Some sunshine for print, if you see it so

PV Harikrishnan of, and Sarita Varma of Financial Express, have dug out a hopeful sign each for print media. Feel free to trust or distrust
these signals, coming as they do amidst the storm that is battering print.
First, Harikrishnan's find:
The London Evening Standard's readership has leapt to 1.37 million in the last three months of 2009, up from from 556,000 from April to September. The readership figures follow the paper going free on 12 October and boosting its distribution to 600,000 copies.
The NRS figures show that the Standard's proportion of ABC1 readers was 76.7% and that more young people were reading the paper. The proportion of 15-44 year olds has grown from 56.7% to 62%.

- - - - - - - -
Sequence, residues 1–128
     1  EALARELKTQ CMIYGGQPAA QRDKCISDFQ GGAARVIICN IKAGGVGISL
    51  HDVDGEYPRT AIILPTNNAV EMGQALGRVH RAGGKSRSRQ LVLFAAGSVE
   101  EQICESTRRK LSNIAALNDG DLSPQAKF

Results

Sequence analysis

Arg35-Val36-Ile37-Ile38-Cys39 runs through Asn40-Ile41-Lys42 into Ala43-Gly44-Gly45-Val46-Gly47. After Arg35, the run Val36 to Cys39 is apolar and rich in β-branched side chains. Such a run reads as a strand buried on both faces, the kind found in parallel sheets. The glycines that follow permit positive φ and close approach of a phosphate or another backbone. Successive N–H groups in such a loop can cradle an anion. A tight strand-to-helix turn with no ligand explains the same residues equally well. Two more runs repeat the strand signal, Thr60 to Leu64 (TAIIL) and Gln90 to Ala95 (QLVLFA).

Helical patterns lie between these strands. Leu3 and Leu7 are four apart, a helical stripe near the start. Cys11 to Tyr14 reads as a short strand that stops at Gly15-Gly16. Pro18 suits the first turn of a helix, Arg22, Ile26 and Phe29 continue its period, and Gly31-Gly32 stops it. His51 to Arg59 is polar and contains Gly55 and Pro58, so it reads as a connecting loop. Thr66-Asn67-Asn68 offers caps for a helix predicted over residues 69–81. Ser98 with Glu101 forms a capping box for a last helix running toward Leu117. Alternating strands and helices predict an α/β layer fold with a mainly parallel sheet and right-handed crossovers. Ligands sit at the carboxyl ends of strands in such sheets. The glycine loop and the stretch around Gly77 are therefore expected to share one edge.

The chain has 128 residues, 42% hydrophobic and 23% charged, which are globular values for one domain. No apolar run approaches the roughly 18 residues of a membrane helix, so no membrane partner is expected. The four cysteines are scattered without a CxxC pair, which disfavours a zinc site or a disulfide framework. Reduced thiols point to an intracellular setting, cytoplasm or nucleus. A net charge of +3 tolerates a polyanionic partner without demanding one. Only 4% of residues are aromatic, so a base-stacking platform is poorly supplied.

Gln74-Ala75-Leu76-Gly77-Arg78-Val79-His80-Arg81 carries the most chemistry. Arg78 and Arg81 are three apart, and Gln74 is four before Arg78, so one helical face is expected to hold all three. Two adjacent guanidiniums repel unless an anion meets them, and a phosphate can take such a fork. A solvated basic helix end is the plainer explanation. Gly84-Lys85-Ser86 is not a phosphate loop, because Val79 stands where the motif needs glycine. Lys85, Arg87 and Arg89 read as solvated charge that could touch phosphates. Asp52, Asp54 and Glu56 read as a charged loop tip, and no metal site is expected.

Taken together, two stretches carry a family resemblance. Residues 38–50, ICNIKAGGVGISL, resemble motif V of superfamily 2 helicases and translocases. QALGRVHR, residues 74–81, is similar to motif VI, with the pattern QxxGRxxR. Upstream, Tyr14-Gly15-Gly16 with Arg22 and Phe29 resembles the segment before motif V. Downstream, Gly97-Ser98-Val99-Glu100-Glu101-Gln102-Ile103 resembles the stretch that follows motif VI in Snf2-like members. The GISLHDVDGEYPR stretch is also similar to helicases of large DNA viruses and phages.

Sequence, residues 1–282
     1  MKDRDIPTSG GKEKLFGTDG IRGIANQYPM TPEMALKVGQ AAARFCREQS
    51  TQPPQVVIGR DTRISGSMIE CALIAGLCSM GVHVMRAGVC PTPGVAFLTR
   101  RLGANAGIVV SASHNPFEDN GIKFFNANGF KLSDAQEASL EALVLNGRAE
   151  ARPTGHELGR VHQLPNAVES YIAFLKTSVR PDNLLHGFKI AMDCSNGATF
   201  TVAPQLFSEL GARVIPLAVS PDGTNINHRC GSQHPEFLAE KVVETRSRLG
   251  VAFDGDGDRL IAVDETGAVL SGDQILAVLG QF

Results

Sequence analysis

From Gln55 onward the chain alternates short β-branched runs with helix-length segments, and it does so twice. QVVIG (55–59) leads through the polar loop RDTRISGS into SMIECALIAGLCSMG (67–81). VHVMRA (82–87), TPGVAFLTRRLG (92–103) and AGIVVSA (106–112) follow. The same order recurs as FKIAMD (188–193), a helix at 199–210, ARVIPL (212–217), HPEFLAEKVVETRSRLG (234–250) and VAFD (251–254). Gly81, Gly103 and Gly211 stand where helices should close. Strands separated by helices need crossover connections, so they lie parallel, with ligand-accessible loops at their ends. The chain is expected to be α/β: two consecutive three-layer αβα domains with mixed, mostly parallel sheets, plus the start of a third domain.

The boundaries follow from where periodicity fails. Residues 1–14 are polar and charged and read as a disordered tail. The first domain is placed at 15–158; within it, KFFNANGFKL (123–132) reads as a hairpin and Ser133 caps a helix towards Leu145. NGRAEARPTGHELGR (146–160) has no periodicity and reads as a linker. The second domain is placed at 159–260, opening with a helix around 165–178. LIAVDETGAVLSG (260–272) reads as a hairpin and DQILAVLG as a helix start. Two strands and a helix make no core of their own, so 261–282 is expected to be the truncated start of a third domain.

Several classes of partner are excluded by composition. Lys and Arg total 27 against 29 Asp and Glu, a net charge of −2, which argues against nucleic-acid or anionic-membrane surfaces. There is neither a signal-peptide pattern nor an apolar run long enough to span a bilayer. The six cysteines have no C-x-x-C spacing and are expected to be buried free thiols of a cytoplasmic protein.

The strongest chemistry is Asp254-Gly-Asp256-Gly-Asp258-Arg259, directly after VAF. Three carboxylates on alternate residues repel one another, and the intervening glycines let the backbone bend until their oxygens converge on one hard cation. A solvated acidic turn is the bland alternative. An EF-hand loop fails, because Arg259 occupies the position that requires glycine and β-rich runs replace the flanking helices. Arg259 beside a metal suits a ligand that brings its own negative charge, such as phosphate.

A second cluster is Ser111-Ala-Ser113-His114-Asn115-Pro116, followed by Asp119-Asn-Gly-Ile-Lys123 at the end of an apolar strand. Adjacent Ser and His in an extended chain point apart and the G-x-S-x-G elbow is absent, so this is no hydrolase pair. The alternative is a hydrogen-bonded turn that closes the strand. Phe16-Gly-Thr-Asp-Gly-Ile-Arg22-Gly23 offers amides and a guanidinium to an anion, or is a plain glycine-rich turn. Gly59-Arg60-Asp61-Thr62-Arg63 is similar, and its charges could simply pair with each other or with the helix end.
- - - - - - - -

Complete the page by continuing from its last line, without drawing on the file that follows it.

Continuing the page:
But has the move paid off with more advertising revenue? The increase in distribution is costing the Standard a lot of money in newsprint costs.
And this is what Sarita found:
According to the first-ever readership survey of literate Indian youth, commissioned by National Book Trust and conducted by a National Council of Applied Economic Research team led by senior fellow Rajesh Shukla, almost a fourth of the 333-million-odd literate youth in the country get a newspaper at home, and around one in ten subscribe to a magazine.
Even in an age of over a hundred 24x7 news channels, newspapers are seen as the primary source for news & current affairs, with television largely an entertainment medium. The Internet is still in its infancy, and radio is a bigger source of information compared to magazines, even in urban India. And just one in four read leisure (non-syllabus) books.

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